In a few short days I’ll be attending my very first WorldCon in San Antonio, and I’m absolutely stoked. I look forward to meeting many online friends face to face, as well as some of the authors I grew up reading, who are partially responsible for my love of the genre. I didn’t get to be on any panels at this con — after all, they’ve got nearly the entire SF/F community to pick from — so I’ll be roaming and trying to take it all in. I am co-running one of the Writer Workshops and have several meetings set up, but this trip is definitely more about experiencing as much of what WorldCon has to offer as possible.

And although I have few responsibilities at this convention, I do have one duty to discharge which is beyond awesome. My friend Ken Liu, who is nominated for a Hugo award in the Short Story category this year but is unable to attend himself, has named me as his designated acceptor at the Hugo ceremony. This means that, if Ken wins, I will go up on stage and accept the award on his behalf. I’m both incredibly honored and stoked to do this.  Regardless of the outcome, I’ll get to sit at the front during the ceremony, attend the afterparty, and hold a Hugo (at least during the practice run on Sunday afternoon).

My wife and I even went out and bought a new suit for me to wear to the event. It’s Hugo Boss.  No other brand would do. Although I’m sure no one else will notice, wearing a Hugo Boss suit to the Hugos was way too amusing for me to pass up.

In other news, I have several sales to report. Buzzy Magazine accepted “In the Wake of the Storm” — my urban fantasy story which takes place in the aftermath of Hurricane Sandy. Cast of Wonders will podcast both You Bet and Nuclear Family. You Bet should come out in October while Nuclear Family is scheduled around Christmas.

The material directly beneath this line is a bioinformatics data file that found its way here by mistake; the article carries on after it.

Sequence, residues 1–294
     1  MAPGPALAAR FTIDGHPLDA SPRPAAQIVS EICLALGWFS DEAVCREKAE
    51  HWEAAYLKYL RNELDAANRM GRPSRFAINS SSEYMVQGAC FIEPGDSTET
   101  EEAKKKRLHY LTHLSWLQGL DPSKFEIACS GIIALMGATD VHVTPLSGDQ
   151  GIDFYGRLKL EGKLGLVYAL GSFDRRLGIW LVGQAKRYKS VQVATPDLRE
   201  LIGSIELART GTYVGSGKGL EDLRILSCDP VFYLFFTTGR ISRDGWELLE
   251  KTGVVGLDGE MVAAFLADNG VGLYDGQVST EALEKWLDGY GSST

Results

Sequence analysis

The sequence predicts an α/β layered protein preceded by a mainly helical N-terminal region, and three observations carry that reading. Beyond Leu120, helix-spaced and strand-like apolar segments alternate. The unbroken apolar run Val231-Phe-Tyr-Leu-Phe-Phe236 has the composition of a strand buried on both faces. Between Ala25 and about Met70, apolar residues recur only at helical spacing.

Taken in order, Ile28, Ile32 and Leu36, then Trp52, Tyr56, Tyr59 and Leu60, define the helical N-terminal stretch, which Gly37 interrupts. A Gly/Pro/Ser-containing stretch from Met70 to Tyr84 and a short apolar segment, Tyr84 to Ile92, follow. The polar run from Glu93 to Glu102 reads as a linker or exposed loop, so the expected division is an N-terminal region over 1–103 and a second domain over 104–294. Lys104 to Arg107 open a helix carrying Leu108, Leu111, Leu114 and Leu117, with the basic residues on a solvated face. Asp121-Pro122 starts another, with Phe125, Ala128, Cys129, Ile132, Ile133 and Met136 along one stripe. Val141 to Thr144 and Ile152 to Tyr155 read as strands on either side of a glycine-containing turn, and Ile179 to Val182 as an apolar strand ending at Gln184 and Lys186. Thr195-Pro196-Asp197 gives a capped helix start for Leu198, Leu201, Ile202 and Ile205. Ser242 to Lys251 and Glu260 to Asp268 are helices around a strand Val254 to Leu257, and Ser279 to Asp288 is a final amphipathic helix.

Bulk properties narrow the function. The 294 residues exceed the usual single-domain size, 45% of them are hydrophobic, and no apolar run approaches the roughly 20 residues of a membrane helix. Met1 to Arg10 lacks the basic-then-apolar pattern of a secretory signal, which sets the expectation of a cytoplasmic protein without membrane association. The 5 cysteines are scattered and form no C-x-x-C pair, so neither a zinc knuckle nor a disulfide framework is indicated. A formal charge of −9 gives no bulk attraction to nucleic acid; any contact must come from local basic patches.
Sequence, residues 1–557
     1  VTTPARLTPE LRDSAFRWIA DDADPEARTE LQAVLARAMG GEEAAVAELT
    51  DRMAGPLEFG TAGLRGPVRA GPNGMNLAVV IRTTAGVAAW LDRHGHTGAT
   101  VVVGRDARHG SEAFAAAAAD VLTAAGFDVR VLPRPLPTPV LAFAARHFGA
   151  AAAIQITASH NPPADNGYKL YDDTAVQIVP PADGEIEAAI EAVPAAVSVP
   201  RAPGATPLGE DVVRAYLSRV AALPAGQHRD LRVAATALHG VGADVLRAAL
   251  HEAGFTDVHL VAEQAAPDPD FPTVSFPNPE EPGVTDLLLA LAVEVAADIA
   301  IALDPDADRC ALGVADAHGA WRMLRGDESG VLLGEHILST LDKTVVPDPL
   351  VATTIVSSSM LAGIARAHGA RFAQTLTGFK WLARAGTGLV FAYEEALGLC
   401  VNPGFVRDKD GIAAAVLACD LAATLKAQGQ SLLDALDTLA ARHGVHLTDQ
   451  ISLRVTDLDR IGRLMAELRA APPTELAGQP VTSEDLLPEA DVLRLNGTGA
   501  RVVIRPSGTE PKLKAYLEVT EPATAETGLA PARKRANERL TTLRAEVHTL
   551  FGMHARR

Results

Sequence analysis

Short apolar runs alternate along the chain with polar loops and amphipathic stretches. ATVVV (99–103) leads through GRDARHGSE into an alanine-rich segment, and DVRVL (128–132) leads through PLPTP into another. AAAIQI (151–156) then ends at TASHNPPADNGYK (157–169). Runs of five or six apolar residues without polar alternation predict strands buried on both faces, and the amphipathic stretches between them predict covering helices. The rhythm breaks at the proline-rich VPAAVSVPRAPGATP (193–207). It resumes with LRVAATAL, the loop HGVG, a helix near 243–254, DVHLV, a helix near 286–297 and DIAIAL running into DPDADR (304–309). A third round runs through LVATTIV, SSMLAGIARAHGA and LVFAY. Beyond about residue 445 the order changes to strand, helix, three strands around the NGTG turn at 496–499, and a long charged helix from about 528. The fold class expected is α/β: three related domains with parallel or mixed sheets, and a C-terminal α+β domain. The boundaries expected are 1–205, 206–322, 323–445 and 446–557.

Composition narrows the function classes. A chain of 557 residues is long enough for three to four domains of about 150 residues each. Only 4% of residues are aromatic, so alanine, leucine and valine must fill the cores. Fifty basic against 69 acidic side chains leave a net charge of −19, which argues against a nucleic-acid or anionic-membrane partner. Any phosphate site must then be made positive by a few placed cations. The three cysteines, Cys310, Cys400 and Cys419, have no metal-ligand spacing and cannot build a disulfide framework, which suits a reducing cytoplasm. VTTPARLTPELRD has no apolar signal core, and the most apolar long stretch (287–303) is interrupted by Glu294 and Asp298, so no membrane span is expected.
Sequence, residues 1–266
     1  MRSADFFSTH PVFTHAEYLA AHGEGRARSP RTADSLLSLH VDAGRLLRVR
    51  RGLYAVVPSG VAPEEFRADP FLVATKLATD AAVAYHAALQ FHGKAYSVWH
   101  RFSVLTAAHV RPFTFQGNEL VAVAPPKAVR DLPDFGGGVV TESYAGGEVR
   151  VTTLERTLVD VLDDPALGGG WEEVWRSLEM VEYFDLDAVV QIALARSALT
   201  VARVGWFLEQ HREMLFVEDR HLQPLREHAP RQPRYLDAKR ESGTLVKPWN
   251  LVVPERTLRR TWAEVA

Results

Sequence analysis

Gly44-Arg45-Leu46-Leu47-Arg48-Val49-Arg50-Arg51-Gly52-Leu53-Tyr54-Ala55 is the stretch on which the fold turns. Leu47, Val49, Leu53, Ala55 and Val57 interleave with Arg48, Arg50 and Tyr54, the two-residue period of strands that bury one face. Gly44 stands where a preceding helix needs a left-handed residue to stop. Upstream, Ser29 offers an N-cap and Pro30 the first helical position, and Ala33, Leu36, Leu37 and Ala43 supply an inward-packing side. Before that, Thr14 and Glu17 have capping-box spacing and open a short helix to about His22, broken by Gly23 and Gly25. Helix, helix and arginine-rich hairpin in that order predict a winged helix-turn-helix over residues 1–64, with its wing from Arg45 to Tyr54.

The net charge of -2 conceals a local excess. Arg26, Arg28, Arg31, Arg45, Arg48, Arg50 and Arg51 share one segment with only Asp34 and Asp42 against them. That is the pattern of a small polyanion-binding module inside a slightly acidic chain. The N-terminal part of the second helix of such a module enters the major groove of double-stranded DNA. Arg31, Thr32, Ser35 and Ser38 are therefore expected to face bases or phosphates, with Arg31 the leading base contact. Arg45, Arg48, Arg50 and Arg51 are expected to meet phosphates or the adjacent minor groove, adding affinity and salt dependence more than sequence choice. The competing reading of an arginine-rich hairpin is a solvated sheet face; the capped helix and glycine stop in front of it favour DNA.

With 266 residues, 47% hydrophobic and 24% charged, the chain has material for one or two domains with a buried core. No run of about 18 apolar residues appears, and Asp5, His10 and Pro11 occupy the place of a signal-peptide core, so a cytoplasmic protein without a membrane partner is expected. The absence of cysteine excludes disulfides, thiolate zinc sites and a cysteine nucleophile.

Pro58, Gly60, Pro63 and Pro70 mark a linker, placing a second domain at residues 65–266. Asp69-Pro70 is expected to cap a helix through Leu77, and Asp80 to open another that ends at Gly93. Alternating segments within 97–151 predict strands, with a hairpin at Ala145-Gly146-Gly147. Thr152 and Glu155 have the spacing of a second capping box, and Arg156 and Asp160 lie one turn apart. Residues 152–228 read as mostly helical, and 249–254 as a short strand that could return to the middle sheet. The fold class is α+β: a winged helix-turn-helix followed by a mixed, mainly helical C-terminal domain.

And, just today, Stupefying Stories Showcase published The Storyteller — a flash fantasy story.

If you are going to WorldCon, please find me and say hi! You will get to meet Pthulhu, and — if you run into me on Sunday — you will get to see me wearing a suit, which — I assure you — is an even more exceptional occurrence than running into an Elder God.





Publication: The Far Side of the Wilderness in Beyond the Sun

July 21, 2013


Beyond the Sun, an anthology of space exploration edited by Bryan Thomas Schmidt, is out. It includes a story of mine titled “The Far Side of the Wilderness,” a dark tale about an interstellar colonist’s quest to bring his people back to Earth.

This story is heavily inspired by the Biblical tale of Moses. The title is a quote from the book of Exodus, though not a very well-known one. Even the title of the colony planet, Kemet, is the ancient name for Egypt. Having said that, it greatly amused and surprised me to find how many of my beta readers missed the Biblical connection entirely. The important thing is, they enjoyed the story!

Beyond the Sun features fiction from such heavyweights as Robert Silverberg and Mike Resnick, as well as award-winning or -nominated short fiction authors like Cat Rambo, Brad Torgersen,  and Nancy Fulda, to name just a few. I’m in really good company, and I highly recommend this book to anyone who enjoys space opera.

The book is available at Amazon now. You can also find it at B&N and elsewhere.